To measure actual rates of transport and influx/efflux, there are several strategies. Influx rates can be measured by monitoring the passive nuclear entry of larger cargoes, e.g., multimers of GFP, of proteinA, and of maltose-binding protein moieties [1,2]. The passive diffusion through the pores is affected by the overall size and shape of the protein, and its surface properties [62]. For example, surface histidines, cysteines, and arginines will facilitate the movement through the FG-Nup meshwork, and higher surface hydrophobicity increases the NPC passage [62]. Efflux and influx rates can also be measured using the GFP-NLS and GFP-NES reporters by inhibiting active import or export and following the subsequent loss of compartmentalisation. Import and export rates are derived from experiments where the import or export of GFP-NLS or GFP-NES reporters is temporarily disturbed, after which the re-establishment of the equilibrium can be quantified. Jointly, this collection of assays reports on the steady state ratios between nuclear entry and exit, or yields the individual rates of entry and exit by temporarily altering the steady state.
There are several options to block import or export. CRM1 export can be inhibited by Leptomicin B (LMB) [63], a fungicide that binds CRM1 irreversibly in the NES binding region, thus blocking the binding between CRM1 and its cargo [64,65]. A limitation of the use of LMB may be its off-target effects; it also inhibits the degradation of p53 and upregulates apoptosis in cancer lines [66], limits RNA translation [67], and leads to accumulation of poly(A)+ RNA within the nucleus [68]. Several import inhibitors are available that each block a specific transport route; e.g., importazole [69], ivermectin [70], and free importin-β-binding domain [50] inhibit the importin-α/β route, while the M9M peptide inhibits TNPO1 [71]. Alternatively, 2-deoxyglucose and/or sodium azide deplete cells from ATP, and can thus also be used to disrupt the RanGTP gradient. Depleting RanGTP inhibits major export and import pathways, but the different export routes are more sensitive to RanGTP depletion than the import via importin-α, importin-β, or transportin [72]. Especially in baker’s yeast, inhibition of import has been accomplished by anchor away strategies, such as anchoring of Kap95 to the plasma membrane ATPase using rapamycin inducible dimerization of FRB- and FKBP-domains attached to the NTR and the plasma membrane ATPase [73]. Methods that are performed at steady state and circumvent the use of drugs or poisons are based on fluorescence recovery after photobleaching (FRAP) and fluorescence loss in photobleaching (FLIP). In import studies, the nuclear area is bleached, and the recovery of nuclear fluorescence, which relies on the exchange of fluorescent molecules from the cytosol with bleached molecules from the nuclear compartments, is taken as a read-out for import rates [74,75]. As all assays, except those based on FRAP and FLIP, are subject to possible side effects of the interventions inhibiting transport, a combination of interventions is advisable.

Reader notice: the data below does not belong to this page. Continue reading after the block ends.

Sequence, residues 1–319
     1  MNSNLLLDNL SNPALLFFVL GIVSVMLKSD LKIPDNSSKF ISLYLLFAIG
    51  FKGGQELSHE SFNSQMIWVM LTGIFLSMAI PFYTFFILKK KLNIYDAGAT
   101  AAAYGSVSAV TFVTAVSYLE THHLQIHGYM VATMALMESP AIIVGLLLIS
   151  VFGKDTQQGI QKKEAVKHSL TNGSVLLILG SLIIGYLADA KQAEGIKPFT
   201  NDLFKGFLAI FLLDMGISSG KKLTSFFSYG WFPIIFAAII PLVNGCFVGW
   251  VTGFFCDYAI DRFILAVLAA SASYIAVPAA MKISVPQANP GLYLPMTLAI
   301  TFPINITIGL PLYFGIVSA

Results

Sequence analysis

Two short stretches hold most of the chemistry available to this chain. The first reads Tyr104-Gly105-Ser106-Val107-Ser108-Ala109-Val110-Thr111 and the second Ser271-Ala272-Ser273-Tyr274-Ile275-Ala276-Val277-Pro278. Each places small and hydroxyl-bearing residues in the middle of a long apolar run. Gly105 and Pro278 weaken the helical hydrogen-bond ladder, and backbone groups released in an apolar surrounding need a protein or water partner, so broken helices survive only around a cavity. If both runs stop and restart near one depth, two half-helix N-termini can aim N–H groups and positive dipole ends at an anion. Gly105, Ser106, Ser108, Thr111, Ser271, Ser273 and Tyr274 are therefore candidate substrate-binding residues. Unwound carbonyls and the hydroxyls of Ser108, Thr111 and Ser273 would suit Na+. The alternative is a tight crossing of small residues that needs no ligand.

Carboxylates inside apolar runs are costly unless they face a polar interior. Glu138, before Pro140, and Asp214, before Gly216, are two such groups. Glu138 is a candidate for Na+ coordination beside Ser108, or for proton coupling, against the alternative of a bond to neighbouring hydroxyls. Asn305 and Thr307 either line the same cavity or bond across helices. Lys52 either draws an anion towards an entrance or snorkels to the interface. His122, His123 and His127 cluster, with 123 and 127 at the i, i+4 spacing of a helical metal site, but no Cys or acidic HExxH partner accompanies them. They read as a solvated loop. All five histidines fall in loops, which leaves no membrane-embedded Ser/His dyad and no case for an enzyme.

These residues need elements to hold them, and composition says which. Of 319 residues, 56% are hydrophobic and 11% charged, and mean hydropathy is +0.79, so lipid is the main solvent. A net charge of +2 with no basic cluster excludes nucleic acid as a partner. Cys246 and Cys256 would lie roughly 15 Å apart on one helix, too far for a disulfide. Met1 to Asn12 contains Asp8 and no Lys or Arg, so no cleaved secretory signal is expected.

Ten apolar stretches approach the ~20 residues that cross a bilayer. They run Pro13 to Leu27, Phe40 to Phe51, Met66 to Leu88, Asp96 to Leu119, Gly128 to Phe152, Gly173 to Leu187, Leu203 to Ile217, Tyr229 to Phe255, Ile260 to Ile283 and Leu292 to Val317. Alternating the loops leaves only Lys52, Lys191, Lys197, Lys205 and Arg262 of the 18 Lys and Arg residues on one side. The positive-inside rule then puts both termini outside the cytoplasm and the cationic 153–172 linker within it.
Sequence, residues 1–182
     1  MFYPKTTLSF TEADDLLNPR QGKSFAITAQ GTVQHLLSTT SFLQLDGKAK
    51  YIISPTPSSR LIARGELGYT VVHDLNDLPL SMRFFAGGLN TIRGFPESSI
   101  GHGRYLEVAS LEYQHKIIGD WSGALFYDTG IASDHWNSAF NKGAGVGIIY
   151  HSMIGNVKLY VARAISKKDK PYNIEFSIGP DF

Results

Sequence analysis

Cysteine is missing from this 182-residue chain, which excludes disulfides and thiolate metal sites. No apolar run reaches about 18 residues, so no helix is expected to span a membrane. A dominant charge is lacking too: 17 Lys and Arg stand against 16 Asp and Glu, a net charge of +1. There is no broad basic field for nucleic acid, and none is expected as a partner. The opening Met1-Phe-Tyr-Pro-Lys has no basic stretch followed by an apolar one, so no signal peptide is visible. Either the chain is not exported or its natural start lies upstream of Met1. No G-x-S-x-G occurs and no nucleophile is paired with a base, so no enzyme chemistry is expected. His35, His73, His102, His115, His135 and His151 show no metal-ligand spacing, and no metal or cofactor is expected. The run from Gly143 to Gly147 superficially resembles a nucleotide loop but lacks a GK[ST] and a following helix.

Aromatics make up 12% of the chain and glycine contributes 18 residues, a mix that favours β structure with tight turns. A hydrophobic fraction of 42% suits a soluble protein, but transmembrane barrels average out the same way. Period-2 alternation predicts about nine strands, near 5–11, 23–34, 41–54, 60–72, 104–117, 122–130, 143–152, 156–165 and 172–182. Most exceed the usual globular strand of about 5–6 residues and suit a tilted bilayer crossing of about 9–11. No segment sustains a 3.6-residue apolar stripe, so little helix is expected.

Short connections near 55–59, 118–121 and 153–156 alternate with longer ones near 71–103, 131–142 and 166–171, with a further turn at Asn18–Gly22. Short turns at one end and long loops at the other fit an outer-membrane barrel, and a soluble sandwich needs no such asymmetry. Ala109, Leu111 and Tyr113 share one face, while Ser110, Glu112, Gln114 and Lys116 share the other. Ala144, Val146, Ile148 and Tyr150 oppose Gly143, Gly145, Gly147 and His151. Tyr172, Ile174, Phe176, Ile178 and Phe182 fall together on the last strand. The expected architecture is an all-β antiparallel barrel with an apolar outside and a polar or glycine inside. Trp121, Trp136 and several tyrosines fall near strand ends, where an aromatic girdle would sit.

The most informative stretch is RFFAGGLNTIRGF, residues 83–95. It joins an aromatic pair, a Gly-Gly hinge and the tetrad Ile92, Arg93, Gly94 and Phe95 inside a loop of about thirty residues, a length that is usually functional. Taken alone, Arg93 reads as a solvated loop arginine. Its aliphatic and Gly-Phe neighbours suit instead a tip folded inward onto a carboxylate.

Commonly used nucleocytoplasmic transport assays are performed in permeabilized cells, in live cells, or in in vitro assembled oocyte nuclei, and are listed in Table 2. A much used in vitro NCT assay uses digitonin permeabilized cells supplemented with exogenous recombinant transport factors [76]. This assay yields nuclei with functional NPCs while allowing to introduce the reporter proteins and NTRs at known concentrations and timepoints. The disadvantages are that permeabilization can relocate or extract soluble proteins [77] including transport factors and ATP [76], and potentially alter transport kinetics. In order to limit method artefacts, permeabilization assays are preferably combined with live-cell imaging [77]. The simplest transport measurements in live cells are those that determine the steady state distribution of GFP-NLS or GFP-NES reporters. Alternatively, as discussed above, the kinetics can be determined either based on the use of poisons to alter the steady state, or based on FRAP or FLIM. Lastly, like permeabilized cells, in vitro assembled oocyte nuclei also provide a system where reporter proteins and NTRs can be introduced at known concentrations and timepoints aiding kinetic measurements. Xenopus egg extracts contain the structural components of nuclei in a disassembled state, but will reconstitute nucleus-like structures around added DNA [78]. These nuclei actively exclude nonnuclear proteins and accumulate nucleoplasmin and proteins with NLSs [79,80,81], and import can be inhibited with lectin wheat germ agglutin, which binds to glycosylated FG-Nups [82]. Here, a combination of transport models may also provide the best assessment of the question at hand.

2. Nuclear Transport Up-Close: Complications when Interpreting Nuclear Transport Data

NCT assays rely on monitoring the localization of proteins to either the nuclear or cytosolic compartment (Figure 1). A change in localization can report a change in import or export efficiency by the joint action of NPCs, NTRs, and Ran. The interpretation of what drives the change in import or export efficiency and the contribution of each specific component (NPCs, NTRs or Ran), however, is often complicated for a number of reasons.